Monday, September 16, 2019
Classics Club Spin #21
October is Spin Month. This will be my fifth spin. The idea is make up a list of twenty books remaining from your original Classics Club list, and by the awesome power vested in the random number generator, one of them gets read in that spin period.
So going back over the old spin lists, a couple of categories...
Ever The Bridesmaid
There were four books that had been on three (out of four) spin lists without being picked. Maybe this is their turn!
1.) Henry James/The American
2.) James Baldwin/Giovanni's Room
3.) James Baldwin/Notes of a Native Son
4.) George Bernard Shaw/Major Barbara
But there were six books that never made it to any spin list. That wasn't very fair to them, so on the list they go! (Except one...)
5.) Edith Wharton/The Custom of the Country
6.) James Baldwin/Go Tell It On The Mountain
7.) Somerset Maugham/The Razor's Edge
8.) Jules Verne/20,000 Leagues Under The Sea
9.) Thomas Hardy/Wessex Tales
Thomas Hardy's Collected Poems has never been on a spin list either: I've been dipping into it, and they're great, but reading a lot of short poems on a forced march doesn't seem like fun.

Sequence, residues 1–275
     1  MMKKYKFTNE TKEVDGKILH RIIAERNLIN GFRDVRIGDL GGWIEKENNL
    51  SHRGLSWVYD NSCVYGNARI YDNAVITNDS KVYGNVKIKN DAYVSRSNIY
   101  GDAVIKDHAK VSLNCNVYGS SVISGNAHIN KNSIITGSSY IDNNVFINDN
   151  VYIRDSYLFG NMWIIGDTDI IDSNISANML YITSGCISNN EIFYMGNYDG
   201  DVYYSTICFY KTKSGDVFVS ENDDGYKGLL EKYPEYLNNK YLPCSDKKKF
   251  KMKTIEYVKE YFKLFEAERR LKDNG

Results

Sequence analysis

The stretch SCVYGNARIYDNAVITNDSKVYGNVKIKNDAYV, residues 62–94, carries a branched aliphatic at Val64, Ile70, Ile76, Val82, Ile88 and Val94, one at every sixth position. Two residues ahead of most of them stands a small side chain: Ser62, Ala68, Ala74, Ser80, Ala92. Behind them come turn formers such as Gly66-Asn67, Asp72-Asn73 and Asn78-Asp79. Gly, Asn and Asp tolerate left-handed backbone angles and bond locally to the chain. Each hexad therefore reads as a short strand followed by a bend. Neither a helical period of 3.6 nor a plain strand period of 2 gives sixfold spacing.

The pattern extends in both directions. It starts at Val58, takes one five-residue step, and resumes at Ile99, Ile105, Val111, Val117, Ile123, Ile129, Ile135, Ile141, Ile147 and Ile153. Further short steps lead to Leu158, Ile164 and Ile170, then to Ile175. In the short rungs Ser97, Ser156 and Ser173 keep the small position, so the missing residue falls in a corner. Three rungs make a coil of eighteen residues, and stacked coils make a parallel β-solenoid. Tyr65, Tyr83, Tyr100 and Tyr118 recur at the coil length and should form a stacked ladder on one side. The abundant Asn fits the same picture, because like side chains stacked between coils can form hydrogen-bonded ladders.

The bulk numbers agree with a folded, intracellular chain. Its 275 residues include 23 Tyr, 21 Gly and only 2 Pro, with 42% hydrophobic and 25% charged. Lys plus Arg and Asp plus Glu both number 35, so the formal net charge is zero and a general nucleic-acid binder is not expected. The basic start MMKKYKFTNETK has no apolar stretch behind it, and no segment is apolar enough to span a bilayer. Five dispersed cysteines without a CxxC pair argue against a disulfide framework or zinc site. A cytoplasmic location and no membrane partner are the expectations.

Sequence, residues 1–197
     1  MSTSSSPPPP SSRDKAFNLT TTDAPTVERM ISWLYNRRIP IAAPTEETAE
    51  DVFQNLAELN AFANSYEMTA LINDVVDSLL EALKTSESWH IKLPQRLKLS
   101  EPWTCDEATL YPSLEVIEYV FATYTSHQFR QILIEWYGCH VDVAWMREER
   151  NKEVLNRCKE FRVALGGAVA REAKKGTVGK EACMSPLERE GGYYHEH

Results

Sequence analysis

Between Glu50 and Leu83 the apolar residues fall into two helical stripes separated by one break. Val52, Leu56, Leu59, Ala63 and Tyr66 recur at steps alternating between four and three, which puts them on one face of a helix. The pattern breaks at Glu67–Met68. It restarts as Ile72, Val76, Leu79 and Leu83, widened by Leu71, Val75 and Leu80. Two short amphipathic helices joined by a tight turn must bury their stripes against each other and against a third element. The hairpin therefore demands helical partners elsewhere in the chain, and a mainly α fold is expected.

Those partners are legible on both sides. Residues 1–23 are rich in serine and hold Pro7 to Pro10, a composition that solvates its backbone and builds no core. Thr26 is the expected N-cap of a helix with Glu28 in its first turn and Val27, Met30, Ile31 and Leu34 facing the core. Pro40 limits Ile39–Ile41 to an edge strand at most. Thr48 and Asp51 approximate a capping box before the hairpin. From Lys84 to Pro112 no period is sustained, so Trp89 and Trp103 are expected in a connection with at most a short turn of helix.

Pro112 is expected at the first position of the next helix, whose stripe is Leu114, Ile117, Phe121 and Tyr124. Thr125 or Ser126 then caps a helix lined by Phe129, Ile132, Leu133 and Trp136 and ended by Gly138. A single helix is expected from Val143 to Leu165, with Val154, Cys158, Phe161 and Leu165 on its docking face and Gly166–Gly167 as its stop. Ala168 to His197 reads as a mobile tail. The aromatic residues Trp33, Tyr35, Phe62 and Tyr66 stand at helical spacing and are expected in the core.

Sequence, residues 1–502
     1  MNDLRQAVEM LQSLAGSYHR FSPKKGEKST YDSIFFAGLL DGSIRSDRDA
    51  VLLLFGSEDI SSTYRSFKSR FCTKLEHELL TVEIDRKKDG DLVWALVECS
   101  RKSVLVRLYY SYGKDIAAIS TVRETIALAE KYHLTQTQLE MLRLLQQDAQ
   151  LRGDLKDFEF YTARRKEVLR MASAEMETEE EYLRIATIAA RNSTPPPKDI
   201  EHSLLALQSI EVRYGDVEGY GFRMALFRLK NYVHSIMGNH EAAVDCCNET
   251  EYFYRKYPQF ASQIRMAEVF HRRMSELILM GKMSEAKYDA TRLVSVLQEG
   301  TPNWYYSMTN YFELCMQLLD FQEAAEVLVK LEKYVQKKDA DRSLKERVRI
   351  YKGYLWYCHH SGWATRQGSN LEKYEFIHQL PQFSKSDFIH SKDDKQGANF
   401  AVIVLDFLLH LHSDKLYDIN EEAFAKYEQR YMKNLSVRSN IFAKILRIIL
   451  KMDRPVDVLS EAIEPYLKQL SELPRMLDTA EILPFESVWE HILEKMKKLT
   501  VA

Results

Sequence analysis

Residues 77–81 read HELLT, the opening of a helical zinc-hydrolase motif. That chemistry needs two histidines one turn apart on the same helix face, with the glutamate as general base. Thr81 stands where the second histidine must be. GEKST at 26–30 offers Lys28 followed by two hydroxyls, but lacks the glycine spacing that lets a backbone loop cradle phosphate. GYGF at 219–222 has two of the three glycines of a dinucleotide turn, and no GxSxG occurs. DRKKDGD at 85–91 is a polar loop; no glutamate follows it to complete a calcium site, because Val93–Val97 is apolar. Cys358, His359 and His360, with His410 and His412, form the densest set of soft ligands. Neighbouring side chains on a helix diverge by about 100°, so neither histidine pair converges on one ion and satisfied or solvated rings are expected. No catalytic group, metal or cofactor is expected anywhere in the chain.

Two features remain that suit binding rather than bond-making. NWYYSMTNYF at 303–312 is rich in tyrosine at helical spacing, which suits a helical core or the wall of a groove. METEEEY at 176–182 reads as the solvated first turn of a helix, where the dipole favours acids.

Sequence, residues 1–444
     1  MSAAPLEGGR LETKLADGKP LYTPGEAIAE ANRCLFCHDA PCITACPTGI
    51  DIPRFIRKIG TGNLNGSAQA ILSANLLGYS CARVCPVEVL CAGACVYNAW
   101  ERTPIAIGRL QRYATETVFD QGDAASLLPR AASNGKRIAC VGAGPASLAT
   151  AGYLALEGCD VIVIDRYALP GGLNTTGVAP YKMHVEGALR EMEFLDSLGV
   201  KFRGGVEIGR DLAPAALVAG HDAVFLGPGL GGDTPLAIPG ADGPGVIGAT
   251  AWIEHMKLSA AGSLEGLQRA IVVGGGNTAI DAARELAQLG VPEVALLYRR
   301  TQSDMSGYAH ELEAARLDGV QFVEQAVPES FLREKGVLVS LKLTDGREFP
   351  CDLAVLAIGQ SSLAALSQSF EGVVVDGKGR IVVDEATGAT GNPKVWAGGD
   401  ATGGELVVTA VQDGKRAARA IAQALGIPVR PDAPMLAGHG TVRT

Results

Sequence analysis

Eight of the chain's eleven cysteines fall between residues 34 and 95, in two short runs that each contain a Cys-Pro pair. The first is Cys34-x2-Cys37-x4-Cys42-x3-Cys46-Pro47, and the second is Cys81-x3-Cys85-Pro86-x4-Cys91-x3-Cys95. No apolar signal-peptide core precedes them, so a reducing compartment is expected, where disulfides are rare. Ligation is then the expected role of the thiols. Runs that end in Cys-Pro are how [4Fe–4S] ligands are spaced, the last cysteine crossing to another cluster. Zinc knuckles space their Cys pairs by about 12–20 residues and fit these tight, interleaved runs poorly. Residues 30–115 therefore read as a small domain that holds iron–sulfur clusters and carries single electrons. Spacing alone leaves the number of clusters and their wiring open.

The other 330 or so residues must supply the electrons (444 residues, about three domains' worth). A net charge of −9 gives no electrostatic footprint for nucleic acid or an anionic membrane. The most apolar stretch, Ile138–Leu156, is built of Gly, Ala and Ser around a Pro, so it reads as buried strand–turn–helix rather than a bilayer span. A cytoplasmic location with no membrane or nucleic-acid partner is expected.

Third Time's The Charm
Six longish ones that I've dangerously put on the list twice before, but have slipped by.
10.) Sir Walter Scott/Count Robert of Paris
12.) John Galsworthy/The Forsyte Saga
13.) Willa Cather/One Of Ours
15.) Balzac/Cousin Bette
A few shortish ones, because I've run out of category ideas!
16.) Sylvia Plath/The Bell Jar (previously appeared twice)
17.) Yasunari Kawabata/Snow Country (once)
18.) Mary Wollstonecraft/Vindication of the Rights of Women (twice)
19.) Virginia Woolf/A Room of One's Own (once)
20.) Robert Louis Stevenson/Black Arrow (twice)
Plutarch would be the challenging one on that list. It's that old Modern Library Giant, but I have been reading some other classical stuff lately (well, yes, The Death of Virgil, but other posts to come!) so it would be timely. Otherwise I've really been meaning to read more Baldwin (#2, #3, and #6.)
Which look good to you?
And the winner is...#5! Edith Wharton's The Custom of the Country. (Previously neglected--all it wanted was to be given a chance!)